On the evening of November 16, 2017, AHRC New York City staff welcomed guests representing several organizations that have partnered with our Adult Day Services, (ADS,) department during past years, as we highlighted the opportunities these partnerships have provided to people with intellectual and other developmental disabilities and their families. Catered by Anchor Foods, Toscanini Restaurant, and Big Kyle’s Little Truffles, the event featured ADS staff testimonials celebrating our honored guests, to strengthen community connections and to lay the foundation for new collaborative opportunities to come.
“On behalf of the agency I’d like to extend our thanks for the difference that you’re making in the lives of the people we support,” said Mike Decker, Chief Operating Officer, AHRC NYC, as he welcomed guests of the event. “When I start to think about all of the organizations that are represented here tonight, the thing that really resonates with me is the opportunities you have provided to the people we care about, to have fuller lives, and also for them to be able to make a difference in someone else’s life.”
Lucas Hanson, Director of AHRC NYC’s SEMP program thanked the Jewish Museum for “They take a person-centered approach to setting up workshops with us,” said Lucas. “Museum educators have met with the people we support and our staff to shape the curriculum for the people we work with, keeping their interests and needs in mind.”
In addition to the meaningful learning opportunities offered at The Jewish Museum has also established a paid internship opportunity, available to people with disabilities.
Mike Kaplan, Director of AHRC NYC’s Joseph T. Weingold Day Center spoke about a partnership with Recycle-a-Bicycle, which provides bicycle mechanic training sessions to people supported by AHRC NYC. Participants work with professional mechanic, Eric Robinson in a bicycle repair shop to learn how to fix and build bicycles. Not only could these practical skills potentially lead to competitive employment, but the people who are learning to fix the bikes can earn their own bike after they have put in enough hours of work.
Mike relayed the positive impressions that this opportunity has made on the people who have participated in the repair program, adding, “We look forward to a long and fruitful collaboration with Recycle-a-Bicycle, in creating meaningful opportunities for people to develop a unique set of skills.”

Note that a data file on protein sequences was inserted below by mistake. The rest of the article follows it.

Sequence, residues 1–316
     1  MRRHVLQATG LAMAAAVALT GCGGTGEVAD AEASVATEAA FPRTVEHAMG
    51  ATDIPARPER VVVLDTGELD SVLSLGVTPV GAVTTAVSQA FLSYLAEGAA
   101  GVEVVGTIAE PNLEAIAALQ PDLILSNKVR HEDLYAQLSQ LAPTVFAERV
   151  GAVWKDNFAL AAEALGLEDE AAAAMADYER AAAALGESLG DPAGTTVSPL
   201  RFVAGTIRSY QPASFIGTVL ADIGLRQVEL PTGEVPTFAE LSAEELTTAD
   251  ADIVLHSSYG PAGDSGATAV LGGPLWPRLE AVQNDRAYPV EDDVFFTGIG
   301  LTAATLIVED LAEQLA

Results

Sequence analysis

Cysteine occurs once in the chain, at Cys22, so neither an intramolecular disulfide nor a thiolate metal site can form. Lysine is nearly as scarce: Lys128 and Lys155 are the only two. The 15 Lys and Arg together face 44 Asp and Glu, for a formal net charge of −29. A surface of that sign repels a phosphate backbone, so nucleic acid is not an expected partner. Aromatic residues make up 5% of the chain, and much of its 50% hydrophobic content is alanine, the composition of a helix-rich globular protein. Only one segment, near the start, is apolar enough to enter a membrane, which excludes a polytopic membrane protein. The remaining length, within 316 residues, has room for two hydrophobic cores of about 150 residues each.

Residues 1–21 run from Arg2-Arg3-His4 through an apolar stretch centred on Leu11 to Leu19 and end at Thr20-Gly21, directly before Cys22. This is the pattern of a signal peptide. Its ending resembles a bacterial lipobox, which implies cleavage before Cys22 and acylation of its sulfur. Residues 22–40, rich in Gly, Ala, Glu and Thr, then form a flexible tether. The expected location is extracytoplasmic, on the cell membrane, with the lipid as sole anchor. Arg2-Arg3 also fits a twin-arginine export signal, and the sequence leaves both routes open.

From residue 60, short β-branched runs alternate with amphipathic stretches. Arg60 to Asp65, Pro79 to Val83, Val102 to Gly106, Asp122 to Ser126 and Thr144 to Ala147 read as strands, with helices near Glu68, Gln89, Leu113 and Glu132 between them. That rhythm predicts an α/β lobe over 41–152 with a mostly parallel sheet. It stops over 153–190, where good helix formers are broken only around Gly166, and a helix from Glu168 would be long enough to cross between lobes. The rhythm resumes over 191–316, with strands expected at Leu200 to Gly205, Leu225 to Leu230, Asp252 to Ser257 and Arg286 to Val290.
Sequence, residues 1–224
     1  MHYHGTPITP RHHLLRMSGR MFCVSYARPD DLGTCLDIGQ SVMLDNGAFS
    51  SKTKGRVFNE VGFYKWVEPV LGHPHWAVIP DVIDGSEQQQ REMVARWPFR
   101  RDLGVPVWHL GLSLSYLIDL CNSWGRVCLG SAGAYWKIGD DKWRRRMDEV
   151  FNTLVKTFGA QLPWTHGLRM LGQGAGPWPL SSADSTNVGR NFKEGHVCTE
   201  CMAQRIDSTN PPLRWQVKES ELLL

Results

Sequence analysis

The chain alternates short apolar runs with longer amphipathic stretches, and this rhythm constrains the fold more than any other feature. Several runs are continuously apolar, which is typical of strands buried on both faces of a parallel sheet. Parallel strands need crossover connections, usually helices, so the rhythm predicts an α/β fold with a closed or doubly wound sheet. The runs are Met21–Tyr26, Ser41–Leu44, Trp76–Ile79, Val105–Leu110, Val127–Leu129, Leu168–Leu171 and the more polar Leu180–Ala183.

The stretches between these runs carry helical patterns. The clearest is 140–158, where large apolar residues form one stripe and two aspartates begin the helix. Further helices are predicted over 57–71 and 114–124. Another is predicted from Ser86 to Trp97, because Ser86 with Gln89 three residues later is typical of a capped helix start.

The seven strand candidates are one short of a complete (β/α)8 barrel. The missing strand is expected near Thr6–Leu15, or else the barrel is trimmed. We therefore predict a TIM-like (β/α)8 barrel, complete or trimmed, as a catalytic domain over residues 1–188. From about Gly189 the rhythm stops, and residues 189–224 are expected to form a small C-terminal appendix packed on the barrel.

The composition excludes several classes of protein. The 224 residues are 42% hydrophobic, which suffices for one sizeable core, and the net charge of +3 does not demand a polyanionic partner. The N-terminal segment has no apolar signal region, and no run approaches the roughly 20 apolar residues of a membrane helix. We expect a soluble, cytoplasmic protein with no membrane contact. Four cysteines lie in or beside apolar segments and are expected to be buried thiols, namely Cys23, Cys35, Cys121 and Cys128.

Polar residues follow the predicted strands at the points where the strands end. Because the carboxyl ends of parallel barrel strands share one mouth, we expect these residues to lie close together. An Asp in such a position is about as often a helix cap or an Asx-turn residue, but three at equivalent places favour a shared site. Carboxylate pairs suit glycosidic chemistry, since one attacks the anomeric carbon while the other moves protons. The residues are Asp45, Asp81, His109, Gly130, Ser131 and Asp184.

Improving Quality of Life for People with Disabilities
Ana Sostre, Director of AHRC NYC’s Bronx TBI and Dorothy and Michael Styler Day Center presented sincere thanks to Walei Sabry, Arthur Jacobs, and Jonathan Novick of the Mayor’s Office for People with Disabilities, for their work to ensure that New Yorkers with disabilities can lead happy, healthy, and productive lives, and for its work in planning the annual NYC Disability Pride Parade.
There are implicit rewards to volunteering and helping others. Fabian Bolling, Xavier Crespo, Taniya Hawes, Maria Olan, Rosa Olan, and Kassandra Trinidad are young volunteers, but they are already learning to take responsibility as open-minded, principled citizens of their communities. These volunteers have brought their creativity to exhibits held at CoOp City and the Kelly Street Garden, sharing experiences with people supported through AHRC NYC along the way. While performing community service, they have seen first-hand just how much their work can mean to their neighbors.
“I have no idea what AHRC stands for but I’d like to put forward an idea,” said Jason Grant Shela of The British Soccer Academy, which provides opportunities for preschoolers at Esther Ashkenas Central Park Early Learning Center to enjoy inclusive sports activities each Wednesday. “I would say that AHRC should stand for Angels Heralding Righteousness from every Corner. That’s the way I feel about this organization. What Beth Rosenthal and her dedicated staff are able to do with these kids, I feel it’s a school of miracles.”
Jason spoke of a preschooler who lives with a number of physical challenges that caused his grandmother to worry that he might not be able to participate in the soccer program. Jason explained that although the boy does not have the use of his legs, Jason and the boy worked together to make the most of his abilities. When playing, the boy does not sit in his wheelchair. Instead, he is placed on the ground where he can make the best use of his arms and hands. He is now a valued goalie on his soccer team.